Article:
Foreclosure tsunami is beginning to strike

(9 am. – promoted by ek hornbeck)

   It’s sometimes amusing to see how hard the media tries to spin bad news into good news. For instance, this article from ABC today.

 (Reuters) – U.S. mortgage foreclosure filings dropped for a second straight month in February, and notched the smallest annual increase in four years as housing-rescue efforts contained activity, a report released on Thursday showed.

 It sounds like good news, huh? There’s just one problem: the foreclosures report that was released today concerned the whole first quarter, including March numbers.

  Since when did the news media start preferring outdated data over recent data?

I guess when the recent data said things like this.

 RealtyTrac® … today released its U.S. Foreclosure Market Report™ for Q1 2010, which shows that foreclosure filings – default notices, scheduled auctions and bank repossessions – were reported on 932,234 properties in the first quarter, a 7 percent increase from the previous quarter and a 16 percent increase from the first quarter of 2009. One in every 138 U.S. housing units received a foreclosure filing during the quarter.


 Foreclosure filings were reported on 367,056 properties in March, an increase of nearly 19 percent from the previous month, an increase of nearly 8 percent from March 2009 and the highest monthly total since RealtyTrac began issuing its report in January 2005.

 California had the most foreclosures with 216,000, accounting for 23% of the nation’s total. Florida was second with 153,500.

 Nevada had the highest foreclosure rate for the 13th straight quarter at 1 in every 33 homes. Arizona was second with 1 in every 49 homes.

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 The long-predicted and feared wave for foreclosures is now beginning to hit.

 There is one report that Bank of America intends to increase its foreclosures by 600% over last year.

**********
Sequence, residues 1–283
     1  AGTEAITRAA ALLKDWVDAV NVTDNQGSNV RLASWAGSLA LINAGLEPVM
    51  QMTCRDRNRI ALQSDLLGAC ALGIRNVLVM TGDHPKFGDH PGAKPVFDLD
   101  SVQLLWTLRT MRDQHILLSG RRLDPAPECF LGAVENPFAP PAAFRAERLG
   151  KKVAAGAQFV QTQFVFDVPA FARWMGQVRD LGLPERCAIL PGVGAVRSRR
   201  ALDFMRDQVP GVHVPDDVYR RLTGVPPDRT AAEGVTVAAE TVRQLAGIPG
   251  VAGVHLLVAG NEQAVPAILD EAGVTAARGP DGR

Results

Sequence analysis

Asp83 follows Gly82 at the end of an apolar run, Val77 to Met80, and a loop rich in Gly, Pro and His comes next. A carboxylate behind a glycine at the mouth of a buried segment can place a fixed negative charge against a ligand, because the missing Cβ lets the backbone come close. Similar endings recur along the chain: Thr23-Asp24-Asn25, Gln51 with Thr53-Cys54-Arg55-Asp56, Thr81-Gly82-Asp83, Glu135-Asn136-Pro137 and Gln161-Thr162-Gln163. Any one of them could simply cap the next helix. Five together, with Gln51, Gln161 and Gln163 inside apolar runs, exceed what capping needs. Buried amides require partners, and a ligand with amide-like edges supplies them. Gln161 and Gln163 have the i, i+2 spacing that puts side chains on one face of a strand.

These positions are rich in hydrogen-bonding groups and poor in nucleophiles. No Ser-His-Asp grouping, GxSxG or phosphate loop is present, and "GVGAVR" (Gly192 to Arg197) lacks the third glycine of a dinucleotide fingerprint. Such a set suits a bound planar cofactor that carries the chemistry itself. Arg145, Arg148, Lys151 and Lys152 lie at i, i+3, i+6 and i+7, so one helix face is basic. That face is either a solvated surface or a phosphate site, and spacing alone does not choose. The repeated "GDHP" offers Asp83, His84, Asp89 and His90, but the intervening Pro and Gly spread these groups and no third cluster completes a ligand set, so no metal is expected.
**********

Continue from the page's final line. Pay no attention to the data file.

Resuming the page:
All of this is happening just as the federal Home Buyers Tax Credit is about to expire in two weeks, and the Federal Reserve just stopped purchasing mortgage-backed securities.

 Interestingly, the Congressional Oversight Panel in charge of monitoring bailout efforts released their own report today about the Making Home Affordable program (HAMP).

In its April report, the body said that Home Affordable Modification Program was not working. “Treasury’s response continues to lag well behind the pace of the crisis.” The report added “As of February 2010, only 168,708 homeowners have received final, five-year loan modifications – a small fraction of the 6 million borrowers who are presently 60+ days delinquent on their loans.”

 The premise of the Administration’s $75 billion program to slow defaults and foreclosures may be flawed at its base… Data from the Office of the Comptroller of the Currency and the Office of Thrift Supervision show that over half of the revised home loans are in default within a year. Payments that are 30 days late on altered loans given over the twelve months rose to 57% as of the late March report from the two agencies.

 While the federal and state programs have managed to forestall hundreds of thousands of mortgages, it has managed to actually prevent very few. This is part of the reason why we are seeing the sudden surge of foreclosures as the long-delayed process finally winds down.